There is a certain feel of detachment to social media posts. You do not have to see the reaction of everyone who reads the post; just those who choose to respond. If someone does not like your posts, they can unfriend or unfollow or otherwise ignore you. It can feel as though your social media posts are part of your fake internet world and that they do not actually affect your real life.
For better or for worse, that feeling is quite wrong.
Once you have posted something to Facebook or most other social media outlets, you no longer have complete control over who ultimately can see the information or photograph that you have posted. Even with strict security settings, one of your “friends” or “followers” could simply download the picture (or information) and post it again. This can cause problems for you if the wrong information gets into the wrong hands at the wrong time.
For example, posting photos or videos of you or your friends engaging in criminal behavior can lead to criminal charges being brought.
This has actually happened on a number of occasions. Obviously social media can also be used against you during probation. But the scarier possibility is facing criminal charges that are brought based upon a doctored photograph designed to look as though you engaged in criminal behavior that you did not actually engage in. In such a situation, you would have to jump through a lot of hoops in order to straighten the situation out.
Aside from criminal issues, information that you post online can also be used against you by your insurance company.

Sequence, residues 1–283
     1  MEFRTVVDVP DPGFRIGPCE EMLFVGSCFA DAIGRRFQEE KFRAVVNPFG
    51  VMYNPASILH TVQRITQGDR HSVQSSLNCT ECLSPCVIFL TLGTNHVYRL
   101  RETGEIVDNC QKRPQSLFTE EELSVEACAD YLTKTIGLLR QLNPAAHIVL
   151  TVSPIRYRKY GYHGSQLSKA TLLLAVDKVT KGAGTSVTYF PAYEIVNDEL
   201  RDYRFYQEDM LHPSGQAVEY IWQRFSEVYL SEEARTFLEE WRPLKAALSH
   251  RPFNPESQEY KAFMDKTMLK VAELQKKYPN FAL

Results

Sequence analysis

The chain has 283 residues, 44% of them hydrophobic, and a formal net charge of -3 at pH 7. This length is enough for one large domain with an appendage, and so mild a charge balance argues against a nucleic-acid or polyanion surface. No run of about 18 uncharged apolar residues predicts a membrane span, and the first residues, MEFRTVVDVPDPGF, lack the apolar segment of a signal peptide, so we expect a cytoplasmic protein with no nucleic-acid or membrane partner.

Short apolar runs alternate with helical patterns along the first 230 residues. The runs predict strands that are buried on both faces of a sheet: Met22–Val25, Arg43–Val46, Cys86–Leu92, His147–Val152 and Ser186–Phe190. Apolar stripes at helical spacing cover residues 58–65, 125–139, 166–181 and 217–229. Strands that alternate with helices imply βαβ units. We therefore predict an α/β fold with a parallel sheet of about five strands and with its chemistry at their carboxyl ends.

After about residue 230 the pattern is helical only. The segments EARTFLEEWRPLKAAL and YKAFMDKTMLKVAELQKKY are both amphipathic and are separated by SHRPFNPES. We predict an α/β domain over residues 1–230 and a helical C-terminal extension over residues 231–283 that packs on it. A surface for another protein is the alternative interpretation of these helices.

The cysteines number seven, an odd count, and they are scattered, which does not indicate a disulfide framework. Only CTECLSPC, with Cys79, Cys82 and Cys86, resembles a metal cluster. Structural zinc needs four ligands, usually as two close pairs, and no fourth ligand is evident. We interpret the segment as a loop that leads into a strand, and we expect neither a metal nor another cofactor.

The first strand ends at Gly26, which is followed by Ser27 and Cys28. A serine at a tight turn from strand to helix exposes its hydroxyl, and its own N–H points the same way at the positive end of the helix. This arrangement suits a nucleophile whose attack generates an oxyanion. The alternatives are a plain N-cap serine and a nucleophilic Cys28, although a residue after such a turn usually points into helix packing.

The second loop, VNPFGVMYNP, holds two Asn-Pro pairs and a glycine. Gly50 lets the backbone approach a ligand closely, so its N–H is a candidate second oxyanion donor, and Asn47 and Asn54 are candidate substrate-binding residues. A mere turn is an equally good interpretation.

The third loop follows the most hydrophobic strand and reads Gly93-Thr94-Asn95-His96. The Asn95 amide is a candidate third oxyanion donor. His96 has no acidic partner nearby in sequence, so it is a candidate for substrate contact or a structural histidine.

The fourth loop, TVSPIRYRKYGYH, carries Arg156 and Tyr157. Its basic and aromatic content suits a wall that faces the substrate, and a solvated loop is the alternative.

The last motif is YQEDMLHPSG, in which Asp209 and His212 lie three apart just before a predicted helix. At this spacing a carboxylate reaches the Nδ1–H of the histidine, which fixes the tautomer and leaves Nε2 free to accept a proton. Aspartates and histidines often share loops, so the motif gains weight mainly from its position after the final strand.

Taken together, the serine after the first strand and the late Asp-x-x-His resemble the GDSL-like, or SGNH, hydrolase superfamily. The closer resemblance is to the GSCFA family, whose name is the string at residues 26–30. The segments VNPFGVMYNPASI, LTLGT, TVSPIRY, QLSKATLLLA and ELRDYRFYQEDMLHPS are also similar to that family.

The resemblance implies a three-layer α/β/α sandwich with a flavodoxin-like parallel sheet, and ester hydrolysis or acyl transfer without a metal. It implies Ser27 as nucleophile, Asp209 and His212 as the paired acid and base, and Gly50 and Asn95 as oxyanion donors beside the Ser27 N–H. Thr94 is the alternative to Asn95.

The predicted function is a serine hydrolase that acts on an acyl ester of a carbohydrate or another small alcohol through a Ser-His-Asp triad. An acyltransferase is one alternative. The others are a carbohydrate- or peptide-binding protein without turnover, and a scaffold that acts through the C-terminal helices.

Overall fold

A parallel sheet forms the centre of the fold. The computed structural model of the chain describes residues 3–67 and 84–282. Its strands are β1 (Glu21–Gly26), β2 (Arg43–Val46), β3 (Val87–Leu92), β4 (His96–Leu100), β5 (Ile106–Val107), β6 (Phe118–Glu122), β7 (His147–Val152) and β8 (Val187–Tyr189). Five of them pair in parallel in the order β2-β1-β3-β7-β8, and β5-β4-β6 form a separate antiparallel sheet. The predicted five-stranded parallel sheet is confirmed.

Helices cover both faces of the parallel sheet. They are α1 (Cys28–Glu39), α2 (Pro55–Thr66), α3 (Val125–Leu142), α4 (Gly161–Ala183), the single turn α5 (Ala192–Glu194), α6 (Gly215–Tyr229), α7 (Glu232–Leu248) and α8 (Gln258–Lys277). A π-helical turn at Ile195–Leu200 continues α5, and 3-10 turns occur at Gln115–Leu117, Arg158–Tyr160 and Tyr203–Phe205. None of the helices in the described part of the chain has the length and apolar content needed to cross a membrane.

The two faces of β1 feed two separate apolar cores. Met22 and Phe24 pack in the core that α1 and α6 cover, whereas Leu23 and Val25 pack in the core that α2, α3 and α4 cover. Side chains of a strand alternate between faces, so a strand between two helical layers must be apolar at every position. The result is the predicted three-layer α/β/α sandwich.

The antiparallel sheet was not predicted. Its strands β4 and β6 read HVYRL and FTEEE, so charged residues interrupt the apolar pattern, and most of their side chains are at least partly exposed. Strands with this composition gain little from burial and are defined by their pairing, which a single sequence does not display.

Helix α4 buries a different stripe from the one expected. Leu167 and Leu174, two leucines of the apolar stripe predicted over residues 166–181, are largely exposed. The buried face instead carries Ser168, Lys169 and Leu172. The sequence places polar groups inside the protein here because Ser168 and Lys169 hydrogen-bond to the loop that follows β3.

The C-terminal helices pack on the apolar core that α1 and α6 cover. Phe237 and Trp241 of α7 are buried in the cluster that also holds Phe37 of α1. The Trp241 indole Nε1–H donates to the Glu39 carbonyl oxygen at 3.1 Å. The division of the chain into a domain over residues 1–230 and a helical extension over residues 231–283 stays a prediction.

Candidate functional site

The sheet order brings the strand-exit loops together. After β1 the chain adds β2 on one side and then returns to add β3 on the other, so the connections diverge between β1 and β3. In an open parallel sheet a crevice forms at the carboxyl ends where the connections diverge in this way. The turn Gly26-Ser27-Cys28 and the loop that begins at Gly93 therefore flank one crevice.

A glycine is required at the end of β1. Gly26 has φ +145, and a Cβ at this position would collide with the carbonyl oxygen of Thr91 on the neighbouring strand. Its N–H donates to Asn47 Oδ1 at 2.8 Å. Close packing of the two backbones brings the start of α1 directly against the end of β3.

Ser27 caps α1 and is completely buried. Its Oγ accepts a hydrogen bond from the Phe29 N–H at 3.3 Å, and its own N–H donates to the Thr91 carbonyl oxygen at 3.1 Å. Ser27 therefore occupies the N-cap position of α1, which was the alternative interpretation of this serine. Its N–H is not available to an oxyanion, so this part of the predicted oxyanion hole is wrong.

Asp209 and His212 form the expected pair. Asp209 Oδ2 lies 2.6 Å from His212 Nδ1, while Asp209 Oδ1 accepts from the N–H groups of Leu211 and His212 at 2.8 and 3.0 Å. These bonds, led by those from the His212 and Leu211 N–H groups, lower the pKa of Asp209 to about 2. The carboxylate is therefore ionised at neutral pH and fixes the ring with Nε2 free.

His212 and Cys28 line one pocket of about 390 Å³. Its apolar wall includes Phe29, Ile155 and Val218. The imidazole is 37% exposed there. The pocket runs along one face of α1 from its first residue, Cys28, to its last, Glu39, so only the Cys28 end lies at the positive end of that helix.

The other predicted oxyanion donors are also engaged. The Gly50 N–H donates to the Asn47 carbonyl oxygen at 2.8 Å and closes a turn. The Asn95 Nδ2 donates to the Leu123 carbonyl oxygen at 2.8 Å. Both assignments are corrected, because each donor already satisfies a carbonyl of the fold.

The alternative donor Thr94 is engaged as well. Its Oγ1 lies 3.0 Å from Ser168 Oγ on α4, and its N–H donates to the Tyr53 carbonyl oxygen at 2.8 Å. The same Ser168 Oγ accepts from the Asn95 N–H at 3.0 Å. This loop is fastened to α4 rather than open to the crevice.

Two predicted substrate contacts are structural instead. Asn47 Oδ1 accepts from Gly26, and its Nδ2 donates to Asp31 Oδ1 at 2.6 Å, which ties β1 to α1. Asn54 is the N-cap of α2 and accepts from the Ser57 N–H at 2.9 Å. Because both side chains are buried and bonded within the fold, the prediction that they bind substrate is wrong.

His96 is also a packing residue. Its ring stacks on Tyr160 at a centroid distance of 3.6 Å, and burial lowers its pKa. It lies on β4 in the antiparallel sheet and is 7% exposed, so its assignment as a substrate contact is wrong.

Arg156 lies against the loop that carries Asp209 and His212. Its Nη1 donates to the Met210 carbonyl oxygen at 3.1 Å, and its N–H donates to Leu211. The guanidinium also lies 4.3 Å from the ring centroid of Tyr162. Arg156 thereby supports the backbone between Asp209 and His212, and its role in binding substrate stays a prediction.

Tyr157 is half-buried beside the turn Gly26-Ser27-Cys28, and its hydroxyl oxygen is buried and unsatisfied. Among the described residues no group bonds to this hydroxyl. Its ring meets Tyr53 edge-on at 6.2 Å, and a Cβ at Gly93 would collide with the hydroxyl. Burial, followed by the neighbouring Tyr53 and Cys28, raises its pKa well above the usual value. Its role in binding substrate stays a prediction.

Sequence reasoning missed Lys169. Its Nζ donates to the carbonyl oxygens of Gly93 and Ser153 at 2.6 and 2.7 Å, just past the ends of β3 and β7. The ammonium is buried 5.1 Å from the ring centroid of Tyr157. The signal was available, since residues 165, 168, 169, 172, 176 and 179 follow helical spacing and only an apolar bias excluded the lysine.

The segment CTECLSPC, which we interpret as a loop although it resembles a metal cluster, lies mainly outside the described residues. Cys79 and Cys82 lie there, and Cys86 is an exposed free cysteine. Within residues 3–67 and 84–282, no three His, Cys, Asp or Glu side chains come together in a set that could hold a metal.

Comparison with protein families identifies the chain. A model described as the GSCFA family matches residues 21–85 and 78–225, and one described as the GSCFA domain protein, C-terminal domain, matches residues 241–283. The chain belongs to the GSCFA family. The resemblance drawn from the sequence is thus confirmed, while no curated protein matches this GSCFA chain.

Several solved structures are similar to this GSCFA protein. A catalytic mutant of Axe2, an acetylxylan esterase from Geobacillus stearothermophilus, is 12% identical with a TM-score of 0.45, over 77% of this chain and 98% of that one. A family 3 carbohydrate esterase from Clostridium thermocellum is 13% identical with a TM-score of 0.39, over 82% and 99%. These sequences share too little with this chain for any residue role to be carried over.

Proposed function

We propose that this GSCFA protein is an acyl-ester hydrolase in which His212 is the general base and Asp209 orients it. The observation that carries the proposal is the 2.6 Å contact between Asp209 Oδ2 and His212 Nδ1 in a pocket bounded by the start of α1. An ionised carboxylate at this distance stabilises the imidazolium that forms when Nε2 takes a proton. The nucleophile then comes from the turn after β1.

For example, if you told your auto insurer that your car is generally parked in a garage and you post a picture of your house, which clearly shows that you do not actually have a garage, the insurance company could deny coverage based upon misrepresentations on your application for insurance.
Even if you did not lie, the insurance company could misconstrue a photograph and still deny coverage. In the above example, if the photo was actually of your old home, the insurance company might nonetheless use that photograph to deny coverage. As another example, if you are injured in an accident and pursue a liability claim against an insurance company for your injuries, and you post a pre-injury photograph or video without clearly noting that the photograph pre-dates your injury, the insurance company might deny, or reduce their assessment of the value of, your claim. Ultimately you might very well be able to straighten the situation out, but not before expending considerable time, effort, and probably expense.
Such was the case for one North Carolina lady who recently made the news because her insurance coverage was actually canceled based upon a misconstrued photograph. The insurance company seeing a photograph of her dog and concluding that she had lied about the breed: